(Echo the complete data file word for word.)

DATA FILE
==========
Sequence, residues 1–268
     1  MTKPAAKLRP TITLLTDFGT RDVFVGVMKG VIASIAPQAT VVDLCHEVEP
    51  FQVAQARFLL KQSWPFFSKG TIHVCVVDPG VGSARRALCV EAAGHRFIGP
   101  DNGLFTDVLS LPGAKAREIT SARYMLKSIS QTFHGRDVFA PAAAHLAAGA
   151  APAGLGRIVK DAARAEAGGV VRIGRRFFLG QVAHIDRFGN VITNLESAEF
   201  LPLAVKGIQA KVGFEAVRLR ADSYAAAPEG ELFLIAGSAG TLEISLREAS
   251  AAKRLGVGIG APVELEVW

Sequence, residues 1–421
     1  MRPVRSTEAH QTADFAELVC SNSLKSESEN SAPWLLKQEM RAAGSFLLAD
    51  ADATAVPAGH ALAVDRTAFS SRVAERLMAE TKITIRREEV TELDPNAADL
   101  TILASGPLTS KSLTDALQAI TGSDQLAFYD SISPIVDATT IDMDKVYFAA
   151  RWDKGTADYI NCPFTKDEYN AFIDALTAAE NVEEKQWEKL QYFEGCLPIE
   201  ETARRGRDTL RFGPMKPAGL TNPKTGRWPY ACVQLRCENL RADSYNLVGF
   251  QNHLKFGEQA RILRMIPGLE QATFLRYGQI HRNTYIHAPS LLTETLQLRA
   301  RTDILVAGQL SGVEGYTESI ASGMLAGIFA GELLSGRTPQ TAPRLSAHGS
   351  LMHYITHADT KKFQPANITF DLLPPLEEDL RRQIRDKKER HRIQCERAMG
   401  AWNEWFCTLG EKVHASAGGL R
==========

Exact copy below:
Sequence, residues 1–268
     1  MTKPAAKLRP TITLLTDFGT RDVFVGVMKG VIASIAPQAT VVDLCHEVEP
    51  FQVAQARFLL KQSWPFFSKG TIHVCVVDPG VGSARRALCV EAAGHRFIGP
   101  DNGLFTDVLS LPGAKAREIT SARYMLKSIS QTFHGRDVFA PAAAHLAAGA
   151  APAGLGRIVK DAARAEAGGV VRIGRRFFLG QVAHIDRFGN VITNLESAEF
   201  LPLAVKGIQA KVGFEAVRLR ADSYAAAPEG ELFLIAGSAG TLEISLREAS
   251  AAKRLGVGIG APVELEVW

Sequence, residues 1–421
     1  MRPVRSTEAH QTADFAELVC SNSLKSESEN SAPWLLKQEM RAAGSFLLAD
    51  ADATAVPAGH ALAVDRTAFS SRVAERLMAE TKITIRREEV TELDPNAADL
   101  TILASGPLTS KSLTDALQAI TGSDQLAFYD SISPIVDATT IDMDKVYFAA
   151  RWDKGTADYI NCPFTKDEYN AFIDALTAAE NVEEKQWEKL QYFEGCLPIE
   201  ETARRGRDTL RFGPMKPAGL TNPKTGRWPY ACVQLRCENL RADSYNLVGF
   251  QNHLKFGEQA RILRMIPGLE QATFLRYGQI HRNTYIHAPS LLTETLQLRA
   301  RTDILVAGQL SGVEGYTESI ASGMLAGIFA GELLSGRTPQ TAPRLSAHGS
   351  LMHYITHADT KKFQPANITF DLLPPLEEDL RRQIRDKKER HRIQCERAMG
   401  AWNEWFCTLG EKVHASAGGL R